clock menu more-arrow no yes

Filed under:

Playoff Basketball

New, comments

One of the tantalizing topics that keeps popping up on the podcast and the sidebar is how real the Blazers’ chances are of making the playoffs and advancing.  I can just hear the calls of “cheeky” and “hubris” from the NBA Grumpy Zone about a team that hasn’t been there in five years relying on young players even talking about such a thing, but people are, so we will.

 

I’m already on record saying this will be the year the Blazers return to the post-season, but some people are one-upping that prediction and speculating about a high seed and maybe a deep run.  That would be an amazing occurrence and one I’d support wholeheartedly, but a couple decades of consistent playoff appearances (some more successful than others) taught us a few things that we’d do well to remember.

 

The golden rule of playoff runs has always been this:  less successful teams think they’ll make it, more successful teams know they’ll make it.  This year, for instance, Blazer fans are saying, “With the development of Oden plus the maturation of Roy and Aldridge, plus Rudy on board we have a shot at a top four seed.”  Meanwhile, here’s the dialogue elsewhere:

 

L*kers:  We’re going to be the number one seed.

 

Spurs:  We’re going to be the number one seed.

 

Hornets:  We’re going to be the number one seed.

 

Rockets:  We’re going to be the number one seed.

 

See the difference?  Obviously only one of those teams will hit that goal, but the other three are going to land somewhere.  Right now all of them are in a better position than Portland to end up in those top seeds.

 

Because of the way the seeding goes conference champions get automatic berths into the upper echelon.  Portland does have that avenue of approach.  Even here, though, the Jazz are saying, “We’re winning this division” whereas Portland is saying, “With a few breaks and some good play we could win this division”.  That doesn’t guarantee anything, of course, but right now you have to say Advantage Jazz.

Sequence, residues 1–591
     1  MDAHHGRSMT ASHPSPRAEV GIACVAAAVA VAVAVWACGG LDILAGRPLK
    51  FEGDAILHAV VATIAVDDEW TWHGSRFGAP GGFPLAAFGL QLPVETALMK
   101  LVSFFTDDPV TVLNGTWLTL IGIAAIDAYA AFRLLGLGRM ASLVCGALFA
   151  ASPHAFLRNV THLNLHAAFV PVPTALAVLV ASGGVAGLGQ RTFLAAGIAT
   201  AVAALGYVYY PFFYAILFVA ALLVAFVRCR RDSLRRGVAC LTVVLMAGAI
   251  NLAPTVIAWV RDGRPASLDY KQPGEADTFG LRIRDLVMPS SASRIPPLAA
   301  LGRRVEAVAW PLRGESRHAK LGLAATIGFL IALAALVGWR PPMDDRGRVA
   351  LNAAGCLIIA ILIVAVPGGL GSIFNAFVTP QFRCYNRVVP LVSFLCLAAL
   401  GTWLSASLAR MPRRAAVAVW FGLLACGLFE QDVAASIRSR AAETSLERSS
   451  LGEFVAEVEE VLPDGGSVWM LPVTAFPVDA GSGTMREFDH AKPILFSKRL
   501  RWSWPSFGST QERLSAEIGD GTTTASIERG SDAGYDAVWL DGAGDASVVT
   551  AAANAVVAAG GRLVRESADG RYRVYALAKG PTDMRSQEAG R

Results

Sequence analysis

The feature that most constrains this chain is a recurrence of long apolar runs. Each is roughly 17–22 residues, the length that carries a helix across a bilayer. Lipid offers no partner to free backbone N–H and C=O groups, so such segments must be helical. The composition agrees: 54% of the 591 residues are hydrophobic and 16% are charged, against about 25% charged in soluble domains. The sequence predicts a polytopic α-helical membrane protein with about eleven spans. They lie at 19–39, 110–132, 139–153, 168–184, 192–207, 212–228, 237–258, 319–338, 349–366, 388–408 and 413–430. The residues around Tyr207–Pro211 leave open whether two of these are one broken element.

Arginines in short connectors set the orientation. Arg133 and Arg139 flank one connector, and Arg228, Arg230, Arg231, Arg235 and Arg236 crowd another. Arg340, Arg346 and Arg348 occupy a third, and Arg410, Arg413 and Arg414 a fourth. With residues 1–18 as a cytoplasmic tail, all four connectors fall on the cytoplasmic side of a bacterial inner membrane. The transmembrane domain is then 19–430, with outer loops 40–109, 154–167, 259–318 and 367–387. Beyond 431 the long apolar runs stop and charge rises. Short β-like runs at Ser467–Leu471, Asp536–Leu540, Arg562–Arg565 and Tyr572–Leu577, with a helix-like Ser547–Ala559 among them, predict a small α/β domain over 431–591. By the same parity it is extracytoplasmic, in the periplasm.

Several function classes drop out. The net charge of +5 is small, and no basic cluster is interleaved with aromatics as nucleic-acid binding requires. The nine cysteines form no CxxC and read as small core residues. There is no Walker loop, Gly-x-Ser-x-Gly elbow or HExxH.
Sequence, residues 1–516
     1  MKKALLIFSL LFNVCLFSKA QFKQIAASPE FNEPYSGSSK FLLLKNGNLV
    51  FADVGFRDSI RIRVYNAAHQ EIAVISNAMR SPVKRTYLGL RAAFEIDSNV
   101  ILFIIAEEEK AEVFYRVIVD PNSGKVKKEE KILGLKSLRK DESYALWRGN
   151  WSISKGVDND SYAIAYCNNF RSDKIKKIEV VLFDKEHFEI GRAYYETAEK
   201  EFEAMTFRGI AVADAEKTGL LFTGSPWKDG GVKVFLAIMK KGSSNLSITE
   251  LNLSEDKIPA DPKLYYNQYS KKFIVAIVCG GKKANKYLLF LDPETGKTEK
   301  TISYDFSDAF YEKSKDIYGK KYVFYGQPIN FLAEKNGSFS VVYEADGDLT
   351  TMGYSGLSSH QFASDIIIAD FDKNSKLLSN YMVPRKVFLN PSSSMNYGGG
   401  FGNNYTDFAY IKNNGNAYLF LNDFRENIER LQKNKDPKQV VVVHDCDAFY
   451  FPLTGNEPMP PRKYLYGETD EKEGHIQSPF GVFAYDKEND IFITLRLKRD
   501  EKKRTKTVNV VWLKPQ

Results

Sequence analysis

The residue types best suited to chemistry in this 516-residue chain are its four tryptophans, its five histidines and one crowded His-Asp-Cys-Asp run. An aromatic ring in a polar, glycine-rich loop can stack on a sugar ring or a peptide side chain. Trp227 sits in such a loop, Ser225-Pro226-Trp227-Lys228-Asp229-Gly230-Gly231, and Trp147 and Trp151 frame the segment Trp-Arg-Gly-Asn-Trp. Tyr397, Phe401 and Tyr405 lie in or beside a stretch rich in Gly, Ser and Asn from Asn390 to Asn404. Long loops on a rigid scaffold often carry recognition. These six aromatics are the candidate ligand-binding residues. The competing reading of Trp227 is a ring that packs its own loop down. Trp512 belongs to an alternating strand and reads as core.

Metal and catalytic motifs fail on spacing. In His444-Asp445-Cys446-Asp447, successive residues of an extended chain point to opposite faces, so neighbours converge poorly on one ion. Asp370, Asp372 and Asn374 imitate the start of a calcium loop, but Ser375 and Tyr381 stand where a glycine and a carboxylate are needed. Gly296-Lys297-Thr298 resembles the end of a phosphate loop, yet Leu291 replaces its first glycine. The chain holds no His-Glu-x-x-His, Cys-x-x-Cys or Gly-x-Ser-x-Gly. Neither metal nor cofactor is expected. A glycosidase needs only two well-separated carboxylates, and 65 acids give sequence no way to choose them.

In general teams with fewer questions to be answered do better than teams with more.  All of the above-mentioned teams have fewer questions to be answered than Portland does.  That doesn’t bode well for our top-seed chances.

 

As far as advancing once we do hit the post-season, it’s possible with a good matchup, but the chances of us making significant waves this year are slim.  Playoff experience matters.  The playoffs are a whole different animal than the regular season and you don’t really understand that until you get there.

 

In the regular season teams play you as part of a 2-5 game schedule in their week.  There’s little time for concerted practice preparing for specific opponents.  You get scouting reports, a film session, and the shoot-around to prepare.  Then you go out and play, then lather-rinse-repeat the next time.  After 82 games it all blurs.

 

In the playoffs your opponents only have one team to prepare for.  Their survival depends on overcoming you and only you.  They have days to prepare.  You bet there are practices and drills as well as the usual film sessions and scouting reports.  And they play you again…and again…and again…and again.